Monday, December 31, 2012

Raspberry Pi UART with PySerial

OS: Occidentalis v0.2
Hardware: Raspberry Pi Revision B with Cobbler
Setup: Serial loopback (connect RX and TX pins on GPIO pins)

Linux attempts to treat all devices as file system like devices, the UART that is available on the GPIO pins is located at:


Configure the operating system:

Occidentalis comes pre-configured to allow you to console into the Raspberry Pi using the external UART. If you intend to use the UART for your own software you will have to disable this functionality.

Below is a summary of This Post

First backup the two files you are going to edit with:

sudo cp /boot/cmdline.txt /boot/cmdline.txt.bak
sudo cp /etc/inittab /etc/inittab.bak

Then use your favorite editor to remove these two settings from /boot/cmdline.txt:

console=ttyAMA0,115200 kgdboc=ttyAMA0,115200

Then comment out the line that mentions ttyAMA0 in /etc/inittab. (place a # at the start of the line.

#T0:23:respawn:/sbin/getty -L ttyAMA0 11520 vt100

Install PySerial

PySerial is a python library for interfacing with serial interfaces, it does not come standard with Occidentalis. You can download it at pyserial-2.6.tar.gz. To extract the file and install use the following commands:

mkdir pyserial-2.6
tar -zxvf pyserial-2.6.tar.gz pyserial-2.6
cd pyserial-2.6
python install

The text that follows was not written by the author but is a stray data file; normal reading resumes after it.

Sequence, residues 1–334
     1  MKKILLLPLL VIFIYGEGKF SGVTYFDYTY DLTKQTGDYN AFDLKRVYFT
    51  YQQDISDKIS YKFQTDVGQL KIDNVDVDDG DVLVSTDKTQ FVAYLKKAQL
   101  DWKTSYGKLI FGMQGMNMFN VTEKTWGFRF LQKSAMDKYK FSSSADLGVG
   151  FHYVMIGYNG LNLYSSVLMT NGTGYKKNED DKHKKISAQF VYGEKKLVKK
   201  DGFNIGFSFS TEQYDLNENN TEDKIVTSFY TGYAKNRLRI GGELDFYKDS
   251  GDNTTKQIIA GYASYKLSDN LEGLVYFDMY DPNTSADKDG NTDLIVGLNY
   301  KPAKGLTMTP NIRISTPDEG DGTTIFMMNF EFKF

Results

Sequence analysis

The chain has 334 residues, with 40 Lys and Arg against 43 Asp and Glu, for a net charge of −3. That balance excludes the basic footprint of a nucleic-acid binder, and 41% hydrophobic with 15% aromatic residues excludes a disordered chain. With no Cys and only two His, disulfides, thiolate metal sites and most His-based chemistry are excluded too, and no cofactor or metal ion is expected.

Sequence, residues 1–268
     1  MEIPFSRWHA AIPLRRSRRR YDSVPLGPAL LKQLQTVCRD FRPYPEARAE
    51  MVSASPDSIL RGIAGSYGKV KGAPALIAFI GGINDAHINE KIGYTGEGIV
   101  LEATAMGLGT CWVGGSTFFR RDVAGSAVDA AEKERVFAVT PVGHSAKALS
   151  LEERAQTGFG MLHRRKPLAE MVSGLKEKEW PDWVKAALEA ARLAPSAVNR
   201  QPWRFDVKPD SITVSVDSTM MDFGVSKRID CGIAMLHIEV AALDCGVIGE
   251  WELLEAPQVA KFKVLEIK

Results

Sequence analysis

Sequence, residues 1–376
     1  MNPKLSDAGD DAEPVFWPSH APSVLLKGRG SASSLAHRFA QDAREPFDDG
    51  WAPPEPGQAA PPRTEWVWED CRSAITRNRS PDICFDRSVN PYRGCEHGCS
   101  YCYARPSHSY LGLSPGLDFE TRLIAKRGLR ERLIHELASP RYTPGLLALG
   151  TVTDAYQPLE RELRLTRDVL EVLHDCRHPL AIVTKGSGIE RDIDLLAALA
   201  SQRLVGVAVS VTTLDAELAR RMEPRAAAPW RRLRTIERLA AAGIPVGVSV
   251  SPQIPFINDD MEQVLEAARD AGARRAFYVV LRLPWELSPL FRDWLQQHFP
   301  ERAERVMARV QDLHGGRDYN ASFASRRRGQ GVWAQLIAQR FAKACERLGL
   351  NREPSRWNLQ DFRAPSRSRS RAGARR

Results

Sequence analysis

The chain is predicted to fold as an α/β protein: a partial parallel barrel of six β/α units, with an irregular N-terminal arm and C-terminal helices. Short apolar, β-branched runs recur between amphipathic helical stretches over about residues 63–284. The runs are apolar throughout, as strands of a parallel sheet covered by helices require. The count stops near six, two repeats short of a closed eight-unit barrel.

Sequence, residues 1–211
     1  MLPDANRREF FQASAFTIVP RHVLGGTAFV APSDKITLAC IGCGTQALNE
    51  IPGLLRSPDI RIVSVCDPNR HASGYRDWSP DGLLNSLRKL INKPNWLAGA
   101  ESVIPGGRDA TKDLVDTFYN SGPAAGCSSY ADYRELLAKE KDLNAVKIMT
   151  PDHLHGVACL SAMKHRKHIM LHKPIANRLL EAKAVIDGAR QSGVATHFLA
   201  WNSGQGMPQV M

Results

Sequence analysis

Using PySerial

Here is a simple script that tests the serial connection in loopback. Note that you need to wait for a bit in between sending characters and receiving them.  This is because the command to send serial characters uses interrupts and does not wait for the output to be put on the bus before it returns.  If you print the input and output strings you will see that the last character gets dropped once the output sting is longer than can be sent in the given delay.  On mine it fails when writing strings of characters longer than 46 with a 0.5 second delay.

from serial import Serial
import time

serialPort = Serial("/dev/ttyAMA0", 9600, timeout=2)
if (serialPort.isOpen() == False):

outStr = ''
inStr = ''


for i, a in enumerate(range(33, 126)):
    outStr += chr(a)

    inStr =

    #print "inStr =  " + inStr
    #print "outStr = " + outStr

    if(inStr == outStr):
        print "WORKED! for length of %d" % (i+1)
        print "failed"



  1. Buried in here was the answer I needed. I have a Raspberry pi remotely monitoring a machine with a mod bus line driver off the ttyAMA0 port. I use encrypted UDP for quick messages to/from it. And sometimes it just dies on me. Putting a delay between serial send and receive saved the day. A very long search for this one. High level languages shouldn't have inturrupt issues buried in them! THANKS!

    1. Hi PwrEng

      I have a Rpi B and want to use it to communicate with a PLC using modbus. I have pyserial /pymodbus installed, I'm using a 485en SIPEX half duplex chip to to interface between the PLC and the PI. I have checked the seria.Serial is working fine.
      I'm a noob to modbus and I don't see any good examples of python code to set up the protocol. Would you have any advice on where to go from here?

  2. Hey,
    I am communicating to my LCD screen from Rpi via UART.
    I am unable to send integers from Rpi to LCD. Only strings are accepted. Any solution?
    I'm using serial.write()

    1. I believe that is because serial.write() only takes byte arrays or other objects that behave like a byte array (duck typing). Here is the documentation for it: To send an integer you could do something like this serial.write("{}".format(number)).